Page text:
ORDER BY    soh.SalesOrderID, COALESCE(sr.Rank, sod.Rank);

 

-- Syntax for SQL Server 7.0 and up

SELECT      soh.SalesOrderNumber, sod.ProductID, sr.[Name] AS Reason

FROM       (SELECT     sod1.SalesOrderID, sod1.ProductID,

                      (SELECT COUNT(*)

                       FROM   Sales.SalesOrderDetail AS sod2

                       WHERE  sod2.SalesOrderID = sod1.SalesOrderID

                       AND    sod2.ProductID <= sod1.ProductID) AS Rank

            FROM       Sales.SalesOrderDetail AS sod1) AS sod

FULL  JOIN (SELECT     sohsr1.SalesOrderID, sr1.[Name],

                      (SELECT COUNT(*)

                       FROM   Sales.SalesOrderHeaderSalesReason AS sohsr2

                       JOIN   Sales.SalesReason AS sr2

                         ON   sr2.SalesReasonID = sohsr2.SalesReasonID

                       WHERE  sohsr2.SalesOrderID = sohsr1.SalesOrderID

                       AND    sr2.[Name] <= sr1.[Name]) AS Rank

            FROM       Sales.SalesOrderHeaderSalesReason AS sohsr1

            INNER JOIN Sales.SalesReason AS sr1

                  ON   sr1.SalesReasonID = sohsr1.SalesReasonID) AS sr

      ON    sr.SalesOrderID = sod.SalesOrderID

      AND   sr.Rank = sod.Rank

INNER JOIN  Sales.SalesOrderHeader AS soh

      ON    soh.SalesOrderID = COALESCE (sod.SalesOrderID, sr.SalesOrderID)

-- For testing, use only six SalesOrders

WHERE       soh.SalesOrderID BETWEEN 51315 AND 51320

ORDER BY    soh.SalesOrderID, COALESCE(sr.Rank, sod.Rank);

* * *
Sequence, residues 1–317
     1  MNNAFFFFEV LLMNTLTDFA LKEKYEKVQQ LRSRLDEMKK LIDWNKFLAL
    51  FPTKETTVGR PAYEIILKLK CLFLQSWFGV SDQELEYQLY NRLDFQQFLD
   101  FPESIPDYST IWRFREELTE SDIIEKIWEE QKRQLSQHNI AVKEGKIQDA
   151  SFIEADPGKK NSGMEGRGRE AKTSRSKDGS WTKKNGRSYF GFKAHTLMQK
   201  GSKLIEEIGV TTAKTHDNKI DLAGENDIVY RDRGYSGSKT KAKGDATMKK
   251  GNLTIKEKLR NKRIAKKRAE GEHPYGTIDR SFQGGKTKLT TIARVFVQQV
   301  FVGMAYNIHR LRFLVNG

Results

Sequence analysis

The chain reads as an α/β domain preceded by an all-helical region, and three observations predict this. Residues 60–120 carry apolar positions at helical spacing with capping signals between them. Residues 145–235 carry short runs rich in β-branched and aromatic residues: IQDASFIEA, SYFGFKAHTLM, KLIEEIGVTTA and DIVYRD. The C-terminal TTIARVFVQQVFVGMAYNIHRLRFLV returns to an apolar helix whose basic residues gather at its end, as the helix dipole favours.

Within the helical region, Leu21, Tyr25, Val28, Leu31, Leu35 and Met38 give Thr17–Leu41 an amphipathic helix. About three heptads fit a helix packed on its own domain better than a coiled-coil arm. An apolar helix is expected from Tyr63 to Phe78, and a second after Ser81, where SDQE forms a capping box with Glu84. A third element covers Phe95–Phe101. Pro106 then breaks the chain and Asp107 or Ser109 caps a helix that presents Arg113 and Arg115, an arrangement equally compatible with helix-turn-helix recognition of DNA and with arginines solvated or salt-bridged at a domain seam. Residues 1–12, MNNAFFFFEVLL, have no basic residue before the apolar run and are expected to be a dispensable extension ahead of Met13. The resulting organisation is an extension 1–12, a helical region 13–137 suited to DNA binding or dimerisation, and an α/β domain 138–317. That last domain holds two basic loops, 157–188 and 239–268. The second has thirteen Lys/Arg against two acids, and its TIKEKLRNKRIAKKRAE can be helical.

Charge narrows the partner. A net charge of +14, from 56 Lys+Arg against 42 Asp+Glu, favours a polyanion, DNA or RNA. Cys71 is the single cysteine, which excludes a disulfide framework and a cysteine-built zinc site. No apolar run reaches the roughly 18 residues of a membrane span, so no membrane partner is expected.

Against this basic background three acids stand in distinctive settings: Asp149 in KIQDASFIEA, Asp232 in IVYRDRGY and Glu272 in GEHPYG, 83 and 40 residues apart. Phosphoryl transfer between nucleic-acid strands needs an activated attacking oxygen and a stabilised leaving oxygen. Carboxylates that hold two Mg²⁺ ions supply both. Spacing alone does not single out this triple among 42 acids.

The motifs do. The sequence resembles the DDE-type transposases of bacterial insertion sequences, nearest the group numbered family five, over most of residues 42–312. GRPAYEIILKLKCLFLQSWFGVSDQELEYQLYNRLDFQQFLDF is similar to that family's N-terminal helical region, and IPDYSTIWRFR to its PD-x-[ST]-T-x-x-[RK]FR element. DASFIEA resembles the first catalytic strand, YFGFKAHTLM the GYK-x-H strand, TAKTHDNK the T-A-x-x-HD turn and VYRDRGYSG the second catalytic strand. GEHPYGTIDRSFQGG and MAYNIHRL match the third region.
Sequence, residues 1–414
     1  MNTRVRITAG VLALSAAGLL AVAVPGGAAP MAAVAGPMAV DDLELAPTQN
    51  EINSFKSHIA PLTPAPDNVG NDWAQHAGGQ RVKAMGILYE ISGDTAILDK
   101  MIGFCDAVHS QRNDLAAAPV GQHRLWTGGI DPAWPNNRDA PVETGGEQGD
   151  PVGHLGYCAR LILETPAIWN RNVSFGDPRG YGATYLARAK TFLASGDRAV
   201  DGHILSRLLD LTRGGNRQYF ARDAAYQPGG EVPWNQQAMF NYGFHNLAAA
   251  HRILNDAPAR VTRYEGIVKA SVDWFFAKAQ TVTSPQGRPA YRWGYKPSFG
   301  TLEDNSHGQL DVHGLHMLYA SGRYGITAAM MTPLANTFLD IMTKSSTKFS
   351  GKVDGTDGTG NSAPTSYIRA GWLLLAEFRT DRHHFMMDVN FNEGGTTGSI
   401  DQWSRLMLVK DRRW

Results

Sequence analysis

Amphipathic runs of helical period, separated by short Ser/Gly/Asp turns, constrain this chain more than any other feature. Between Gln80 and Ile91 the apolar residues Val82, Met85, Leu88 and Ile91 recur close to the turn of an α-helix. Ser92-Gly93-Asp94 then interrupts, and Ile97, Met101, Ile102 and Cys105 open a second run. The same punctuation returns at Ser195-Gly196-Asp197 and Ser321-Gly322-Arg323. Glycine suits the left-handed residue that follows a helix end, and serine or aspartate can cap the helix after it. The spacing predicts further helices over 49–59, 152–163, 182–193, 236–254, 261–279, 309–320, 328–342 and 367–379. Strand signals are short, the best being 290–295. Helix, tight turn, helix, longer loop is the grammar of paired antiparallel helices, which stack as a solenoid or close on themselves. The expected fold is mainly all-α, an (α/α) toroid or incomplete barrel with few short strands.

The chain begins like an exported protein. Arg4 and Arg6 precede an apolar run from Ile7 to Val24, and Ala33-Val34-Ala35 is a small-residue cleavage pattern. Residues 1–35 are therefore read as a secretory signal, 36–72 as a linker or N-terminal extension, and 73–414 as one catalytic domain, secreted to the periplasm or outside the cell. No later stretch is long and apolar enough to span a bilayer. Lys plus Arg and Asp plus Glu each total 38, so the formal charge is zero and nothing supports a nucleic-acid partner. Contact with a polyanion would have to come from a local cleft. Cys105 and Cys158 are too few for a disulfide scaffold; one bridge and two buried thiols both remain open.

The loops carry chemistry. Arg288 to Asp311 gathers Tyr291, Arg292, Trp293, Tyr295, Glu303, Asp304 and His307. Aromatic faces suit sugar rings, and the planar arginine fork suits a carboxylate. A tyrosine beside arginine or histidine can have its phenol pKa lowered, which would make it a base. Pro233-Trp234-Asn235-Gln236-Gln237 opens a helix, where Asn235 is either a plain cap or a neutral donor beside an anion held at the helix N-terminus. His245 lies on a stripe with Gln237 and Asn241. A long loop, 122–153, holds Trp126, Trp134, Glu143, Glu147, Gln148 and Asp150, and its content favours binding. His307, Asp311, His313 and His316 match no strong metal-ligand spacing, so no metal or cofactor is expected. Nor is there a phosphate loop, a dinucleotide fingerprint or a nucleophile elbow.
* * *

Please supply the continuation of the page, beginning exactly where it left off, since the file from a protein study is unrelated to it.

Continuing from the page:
Both versions of the query use two derived tables. And each of those derived tables contains the output of one of the two queries I started with, plus an additional column to hold the rank (based on the ordering I defined). These two derived tables are the joined together on identical SalesOrderID and identical rank, using a FULL OUTER JOIN. Using a LEFT OUTER JOIN or RIGHT OUTER JOIN would not have been sufficient here, since there are orders with more products than reasons or even no reasons at all (e.g. SO15318, SO15320), but also orders with more reasons than products (e.g. SO51924 [not included in the test set!]). The result of this outer join is then combined (using INNER JOIN – that is safe since each order always has at least one product) with the SalesOrderHeader table to get the order number.

 

Okay, so we now have got a working solution. Let’s check how it performs, ‘kay? So I removed the WHERE clause from all my queries, added an INTO #Dummy clause to make sure I tested the speed of the server, not the speed of my front end (SSMS) formatting and displaying the data, and enclosed each of the queries in a loop to execute them five times (one execution with cold cache, after using CHECKPOINT, DBCC DROPCLEANBUFFERS, and DBCC FREEPROCCACHE; the other four with hot cache). Here are the rounded results when testing on my system, running SQL Server 2005 on Windows XP Professional. (Note that results on other systems will probably be different!)